Crazy Like a Fox

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Ouch! The judge in Fox's trademark infringement suit against Penguin and humorist/author Al Franken, prompted by a parodic book cover that included the words "fair and balanced," has delivered the following rhetorical smackdown:

There are hard cases and there are easy cases. This is an easy case. This case is wholly without merit both factually and legally.

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  1. Well great! Let me have that judge (and that lawyer!) I think I’ll start me a magazine that has “Free Minds and Free Markets” as its subtitle.

    I oughta be able to get away with that, hmm?

  2. If it were an obvious parody that no sane person could confuse with the actual Reason, which would be the appropriate parallel to the instant case, then I would imagine so. Of course, I’ve got no control over the Reason Foundation’s lawyers…

  3. ia!:

    Hey, have it your way.

  4. I’m no big fan of Franken, but you’ve got to admire the way he’s managed to get Fox to promote his book for him.

    Suckers.

  5. I believe the slogan “Free Minds and Free Markets” is a paraphrase of something Frank Chodorov originally wrote in praise of Henry George.

  6. I’m no big fan of Franken either, at least in the intellectual realm. But as far as the title itself, he’s dead on. I’m not one to use the term “Orwellian” lightly, but it applies perfectly to the hammering of the phrase “fair and balanced” on a network whose popularity is obviously based on a mentality of conservative retalliation.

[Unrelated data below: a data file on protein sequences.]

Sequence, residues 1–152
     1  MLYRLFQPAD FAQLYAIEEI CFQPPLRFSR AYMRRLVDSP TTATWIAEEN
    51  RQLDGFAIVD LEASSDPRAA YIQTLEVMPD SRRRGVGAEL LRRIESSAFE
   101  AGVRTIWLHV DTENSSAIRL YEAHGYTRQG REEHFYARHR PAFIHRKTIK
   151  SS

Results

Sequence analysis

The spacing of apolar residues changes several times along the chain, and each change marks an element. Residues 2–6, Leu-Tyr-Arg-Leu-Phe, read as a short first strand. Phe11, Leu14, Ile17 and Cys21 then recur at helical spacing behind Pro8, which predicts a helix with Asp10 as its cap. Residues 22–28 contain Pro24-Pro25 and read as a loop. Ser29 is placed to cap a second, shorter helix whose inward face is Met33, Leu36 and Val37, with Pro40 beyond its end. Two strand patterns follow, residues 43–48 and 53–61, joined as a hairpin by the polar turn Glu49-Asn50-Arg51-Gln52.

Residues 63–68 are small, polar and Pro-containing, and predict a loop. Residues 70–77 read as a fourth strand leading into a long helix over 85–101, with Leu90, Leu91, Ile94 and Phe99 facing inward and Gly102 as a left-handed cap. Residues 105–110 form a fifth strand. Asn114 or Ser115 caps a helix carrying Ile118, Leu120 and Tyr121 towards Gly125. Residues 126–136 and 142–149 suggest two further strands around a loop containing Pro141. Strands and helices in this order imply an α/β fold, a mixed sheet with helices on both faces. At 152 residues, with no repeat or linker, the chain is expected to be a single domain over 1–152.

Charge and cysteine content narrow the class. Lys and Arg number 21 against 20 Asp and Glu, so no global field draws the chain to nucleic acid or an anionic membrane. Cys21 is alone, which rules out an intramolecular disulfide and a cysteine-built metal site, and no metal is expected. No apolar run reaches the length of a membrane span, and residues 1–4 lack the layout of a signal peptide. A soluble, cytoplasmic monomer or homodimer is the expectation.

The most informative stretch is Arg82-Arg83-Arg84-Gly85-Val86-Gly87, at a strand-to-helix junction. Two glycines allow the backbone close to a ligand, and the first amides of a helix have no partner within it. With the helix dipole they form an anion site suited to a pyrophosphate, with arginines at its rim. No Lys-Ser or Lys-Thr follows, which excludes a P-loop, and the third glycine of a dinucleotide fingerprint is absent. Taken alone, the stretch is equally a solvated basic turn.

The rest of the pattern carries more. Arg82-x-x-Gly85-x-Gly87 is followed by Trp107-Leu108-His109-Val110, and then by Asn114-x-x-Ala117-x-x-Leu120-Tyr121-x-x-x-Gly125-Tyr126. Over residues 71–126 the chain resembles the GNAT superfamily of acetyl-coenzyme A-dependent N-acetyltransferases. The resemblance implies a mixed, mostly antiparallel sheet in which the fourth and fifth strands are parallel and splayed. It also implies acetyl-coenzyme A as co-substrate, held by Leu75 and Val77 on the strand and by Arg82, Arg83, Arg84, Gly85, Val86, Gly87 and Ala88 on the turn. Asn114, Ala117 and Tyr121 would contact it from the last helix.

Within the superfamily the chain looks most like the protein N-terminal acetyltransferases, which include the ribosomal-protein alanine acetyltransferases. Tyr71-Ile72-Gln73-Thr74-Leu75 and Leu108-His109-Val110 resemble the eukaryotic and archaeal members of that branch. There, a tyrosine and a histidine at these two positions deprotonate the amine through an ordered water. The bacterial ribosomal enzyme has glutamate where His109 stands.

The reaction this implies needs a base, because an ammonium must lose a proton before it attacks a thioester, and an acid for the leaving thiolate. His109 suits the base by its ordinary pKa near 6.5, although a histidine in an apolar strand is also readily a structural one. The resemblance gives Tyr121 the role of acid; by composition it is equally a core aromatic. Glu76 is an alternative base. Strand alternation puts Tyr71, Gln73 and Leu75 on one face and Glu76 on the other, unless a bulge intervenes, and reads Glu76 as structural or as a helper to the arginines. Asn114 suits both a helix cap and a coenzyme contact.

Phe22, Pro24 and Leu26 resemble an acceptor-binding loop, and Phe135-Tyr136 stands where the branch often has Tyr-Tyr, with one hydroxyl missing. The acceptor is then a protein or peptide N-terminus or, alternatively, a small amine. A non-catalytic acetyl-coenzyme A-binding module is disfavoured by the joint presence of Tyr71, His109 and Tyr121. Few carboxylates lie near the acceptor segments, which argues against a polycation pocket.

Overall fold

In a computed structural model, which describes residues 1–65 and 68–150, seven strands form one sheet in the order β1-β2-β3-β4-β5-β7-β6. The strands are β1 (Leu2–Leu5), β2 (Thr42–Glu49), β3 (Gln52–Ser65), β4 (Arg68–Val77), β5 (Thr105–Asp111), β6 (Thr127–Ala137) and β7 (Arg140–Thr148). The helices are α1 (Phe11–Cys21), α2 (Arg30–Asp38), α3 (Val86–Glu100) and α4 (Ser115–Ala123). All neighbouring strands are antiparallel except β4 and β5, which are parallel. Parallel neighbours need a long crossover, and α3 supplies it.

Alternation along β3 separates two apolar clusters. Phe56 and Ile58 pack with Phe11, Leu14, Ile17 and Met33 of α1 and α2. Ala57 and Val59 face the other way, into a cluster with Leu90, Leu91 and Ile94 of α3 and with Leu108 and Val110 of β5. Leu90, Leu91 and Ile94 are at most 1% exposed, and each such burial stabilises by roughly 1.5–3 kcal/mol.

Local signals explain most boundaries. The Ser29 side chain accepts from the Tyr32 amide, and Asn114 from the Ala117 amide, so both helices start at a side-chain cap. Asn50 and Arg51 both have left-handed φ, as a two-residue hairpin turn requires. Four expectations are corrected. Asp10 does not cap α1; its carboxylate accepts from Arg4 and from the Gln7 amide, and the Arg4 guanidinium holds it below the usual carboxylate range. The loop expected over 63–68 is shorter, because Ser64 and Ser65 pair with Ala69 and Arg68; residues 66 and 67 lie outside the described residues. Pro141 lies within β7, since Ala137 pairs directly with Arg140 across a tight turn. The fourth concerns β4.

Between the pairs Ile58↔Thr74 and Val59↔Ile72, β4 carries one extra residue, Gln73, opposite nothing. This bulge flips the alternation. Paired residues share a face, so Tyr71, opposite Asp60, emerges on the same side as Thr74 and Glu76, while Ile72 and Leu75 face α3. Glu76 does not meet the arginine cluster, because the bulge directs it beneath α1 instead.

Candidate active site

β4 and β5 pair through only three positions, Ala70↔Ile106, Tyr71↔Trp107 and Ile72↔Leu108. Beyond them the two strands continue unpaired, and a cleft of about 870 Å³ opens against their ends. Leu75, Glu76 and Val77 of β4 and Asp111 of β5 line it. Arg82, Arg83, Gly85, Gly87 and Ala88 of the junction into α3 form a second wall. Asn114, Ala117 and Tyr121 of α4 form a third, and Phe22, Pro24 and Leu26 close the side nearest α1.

7. Any fans of Franken here at all ?

  8. I’m no big fan of Franken but.
    Just wanted to try that out.

  9. To be fair (if not balanced) to Fox, trademark law does require you to actively defend your trademark, or else you will lose it. By not pursuing this case, there was a small but nonzero probability that somewhere down the line some judge would rule that Fox had lots its trademark.

  10. This wasn’t in the Reuters story, but it’s in Salon’s account. It’s my favorite part of the whole proceeding and illustrates just how ridiculous Fox’s position is:

    In response, the judge pointed out that one of O’Reilly’s own books is titled “The O’Reilly Factor: The Good, the Bad, and the Completely Ridiculous in American Life.”

    “Is that not a play on “The Good, The Bad and the Ugly?” Chin asked, noting that the movie title is also trademarked.

    “I don’t know,” replied Hanswirth.

  11. Does anybody know if O’Reilly railed against liberal judges the next day ?

  12. This ruling is really in favor of nothing except the protected status of parody / satire, and is more or less ideologically neutral. Dennis Miller should be just as grateful as Franken–neither of whom is especially funny; but then if these weiners were deprived of the right to parody, think what it could do to our beloved Simpsons.

  13. Next up: Clint Eastwood suing Bill O’Reily over a completely ridiculous American book.

  14. I’m a fan of Franken. His humor is hit-or-miss, but when it works it makes me laugh out loud. He punctures the self-important. He also makes fun of himself, which is always a good thing in a satirist. I think of him as the liberal version of P.J. O’Rourke.

  15. id like to see u talk and walk at the same time without tripping and takin out your left eye with your big toe

    u should be able to pull your head outta your ass
    some day in the future

    when the opportunity comes knockin,like u read sumthin about bush,g?rin,himmler and goebbles(billy reily) that shocks u,go with it

    forget what teachers and parents and media and church told u

    think for yourself,the world is bigger than u think

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